“If there were a disruption, and there’s no sign of one yet, Europe is in a better position to handle such a situation,” said Mills, head of consulting at Manaar Energy Consulting and Project Management. “Ukraine is not as important a transit state for gas as it used to be. The Europeans have made a big push to develop gas storage and strategic interconnections between countries to allow gas to flow more easily where it’s needed.”
Benchmark 10-year Treasuries climbed last week, pushing yields down to 2.65 percent from 2.73 percent Feb. 21. The yen rose 0.7 percent against the dollar last week, while the Bloomberg Dollar Spot Index fell 0.4 percent to 1,016.74. The custom Bloomberg gauge of emerging-market currencies rose 0.2 percent, capping its first monthly gain since October.
The turmoil in Ukraine threatens to upend markets after a month in which the Bank of America Merrill Lynch Global Broad Market Index of bonds returned 0.5 percent, including reinvested interest. The MSCI All-Country World Index of stocks climbed 4.9 percent including dividends in February, its strongest advance since September, and the MSCI Emerging Markets Index jumped 3.3 percent, its first gain since October.
The Standard & Poor’s GSCI Total Return Index of commodities rose 4.5 percent as spot gold soared 6.6 percent in February.
Russia, which has offered citizenship to Ukrainian officers at bases in Crimea, according to acting Interior Minister Arsen Avakov, suspended a $15 billion bailout agreement last week that Putin and Yanukovych signed in December.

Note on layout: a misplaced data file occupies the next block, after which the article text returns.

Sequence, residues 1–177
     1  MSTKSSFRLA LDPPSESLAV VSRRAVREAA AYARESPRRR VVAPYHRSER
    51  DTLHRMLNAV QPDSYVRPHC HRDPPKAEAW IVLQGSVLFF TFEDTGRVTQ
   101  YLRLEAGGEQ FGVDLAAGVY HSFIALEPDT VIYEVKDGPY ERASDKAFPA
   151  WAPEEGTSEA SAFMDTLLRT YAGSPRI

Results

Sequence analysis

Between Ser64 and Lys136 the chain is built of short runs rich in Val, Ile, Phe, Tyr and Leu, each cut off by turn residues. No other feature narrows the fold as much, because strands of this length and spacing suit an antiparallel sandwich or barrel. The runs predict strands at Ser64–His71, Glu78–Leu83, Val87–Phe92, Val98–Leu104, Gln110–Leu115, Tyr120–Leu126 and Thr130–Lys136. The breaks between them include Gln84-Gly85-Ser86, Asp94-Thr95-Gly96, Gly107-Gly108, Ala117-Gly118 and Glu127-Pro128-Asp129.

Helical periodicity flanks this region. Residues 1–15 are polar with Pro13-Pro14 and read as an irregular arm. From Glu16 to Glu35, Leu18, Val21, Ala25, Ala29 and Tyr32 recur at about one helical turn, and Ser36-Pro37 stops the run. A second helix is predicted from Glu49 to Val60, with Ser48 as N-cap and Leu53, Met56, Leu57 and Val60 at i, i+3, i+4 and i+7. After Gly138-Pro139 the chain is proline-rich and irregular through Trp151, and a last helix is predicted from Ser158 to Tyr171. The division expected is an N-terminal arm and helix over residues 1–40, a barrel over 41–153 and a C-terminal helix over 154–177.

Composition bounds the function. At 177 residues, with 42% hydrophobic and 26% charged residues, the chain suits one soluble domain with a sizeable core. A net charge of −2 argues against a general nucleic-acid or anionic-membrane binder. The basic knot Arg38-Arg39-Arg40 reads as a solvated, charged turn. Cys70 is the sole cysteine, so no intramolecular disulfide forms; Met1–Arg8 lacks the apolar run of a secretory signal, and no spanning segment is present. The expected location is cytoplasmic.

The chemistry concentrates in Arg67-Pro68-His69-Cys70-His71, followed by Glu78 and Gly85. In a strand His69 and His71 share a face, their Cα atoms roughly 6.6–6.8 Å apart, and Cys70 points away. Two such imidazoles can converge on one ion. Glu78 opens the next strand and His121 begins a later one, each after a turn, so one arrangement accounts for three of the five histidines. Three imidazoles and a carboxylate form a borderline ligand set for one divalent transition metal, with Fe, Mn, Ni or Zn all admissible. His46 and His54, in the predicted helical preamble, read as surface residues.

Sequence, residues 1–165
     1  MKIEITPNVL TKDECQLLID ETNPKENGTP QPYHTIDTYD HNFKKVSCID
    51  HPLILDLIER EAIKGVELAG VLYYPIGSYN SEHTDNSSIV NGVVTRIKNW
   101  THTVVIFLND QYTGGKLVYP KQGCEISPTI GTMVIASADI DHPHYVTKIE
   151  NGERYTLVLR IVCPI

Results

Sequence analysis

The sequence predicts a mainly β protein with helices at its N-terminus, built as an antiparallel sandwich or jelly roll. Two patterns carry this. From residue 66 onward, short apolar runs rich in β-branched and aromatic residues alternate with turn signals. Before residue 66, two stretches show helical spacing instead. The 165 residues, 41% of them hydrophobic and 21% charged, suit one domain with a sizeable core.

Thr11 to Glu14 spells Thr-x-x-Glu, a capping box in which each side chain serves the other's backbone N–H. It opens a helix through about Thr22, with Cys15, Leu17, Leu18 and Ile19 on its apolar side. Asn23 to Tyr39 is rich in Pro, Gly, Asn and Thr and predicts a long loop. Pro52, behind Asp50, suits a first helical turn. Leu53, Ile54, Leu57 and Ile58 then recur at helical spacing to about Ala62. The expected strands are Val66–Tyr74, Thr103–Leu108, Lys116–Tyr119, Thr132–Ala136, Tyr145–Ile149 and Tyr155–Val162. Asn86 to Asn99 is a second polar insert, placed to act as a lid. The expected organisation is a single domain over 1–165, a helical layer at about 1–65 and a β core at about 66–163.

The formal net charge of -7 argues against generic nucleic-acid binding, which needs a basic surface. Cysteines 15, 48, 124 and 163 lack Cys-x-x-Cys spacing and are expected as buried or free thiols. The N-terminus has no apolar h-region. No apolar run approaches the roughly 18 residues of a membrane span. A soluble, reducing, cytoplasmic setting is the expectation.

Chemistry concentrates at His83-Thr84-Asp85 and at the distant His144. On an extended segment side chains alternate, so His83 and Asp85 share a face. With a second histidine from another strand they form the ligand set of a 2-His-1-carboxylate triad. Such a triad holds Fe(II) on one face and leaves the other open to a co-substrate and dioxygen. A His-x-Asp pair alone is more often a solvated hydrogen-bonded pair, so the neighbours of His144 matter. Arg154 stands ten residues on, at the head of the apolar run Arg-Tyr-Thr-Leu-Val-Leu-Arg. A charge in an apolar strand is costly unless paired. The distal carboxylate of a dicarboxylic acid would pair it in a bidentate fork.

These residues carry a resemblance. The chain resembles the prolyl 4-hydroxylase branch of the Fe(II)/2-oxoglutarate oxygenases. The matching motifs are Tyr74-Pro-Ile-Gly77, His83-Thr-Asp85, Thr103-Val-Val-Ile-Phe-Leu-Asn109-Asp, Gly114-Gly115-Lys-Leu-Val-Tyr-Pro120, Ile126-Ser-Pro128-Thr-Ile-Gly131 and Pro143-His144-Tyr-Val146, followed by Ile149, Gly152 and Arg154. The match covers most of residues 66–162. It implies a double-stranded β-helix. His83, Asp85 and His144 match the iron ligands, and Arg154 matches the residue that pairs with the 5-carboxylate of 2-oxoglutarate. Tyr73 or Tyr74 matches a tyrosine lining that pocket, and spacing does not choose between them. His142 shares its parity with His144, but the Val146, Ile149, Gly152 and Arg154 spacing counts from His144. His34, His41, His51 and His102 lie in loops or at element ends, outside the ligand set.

Ukraine’s new government, confirmed by lawmakers last week, wants as much as $35 billion in international aid over the next two years to avert a default. The U.S. and European Union have pledged assistance.
The crisis may have to escalate further before any sell-off of high-risk assets is sustained, Rami Sidani, the head of Middle East and North Africa investments at Schroder Investment Management Ltd. in Dubai, said by phone.
“It seems like the conflict is more of a power struggle that is contained within the Ukrainian border,” he said. “We don’t see any real impact on the global markets, at least not yet. It’s hard to speculate what’s going to happen next. But so far we don’t really see a systemic risk.”
Russian bonds and the ruble may fall as investors judge them most vulnerable to an emerging-markets sell-off, according to Kadir Hussain, who helps oversee $700 million as chief executive officer at Mashreq Capital DIFC Ltd., and holds some of the nation’s sovereign and corporate debt. The ruble declined 2.9 percent versus the dollar last month, the biggest drop among 24 emerging-market peers tracked by Bloomberg.
“The Russian space is going to be more fundamentally driven in the sense that I don’t think that that space has really seen the risk profile change,” he said. “Russia has always been involved in Ukraine, but now that it’s said that it won’t back down and has approved military action, that’s a whole different pattern.”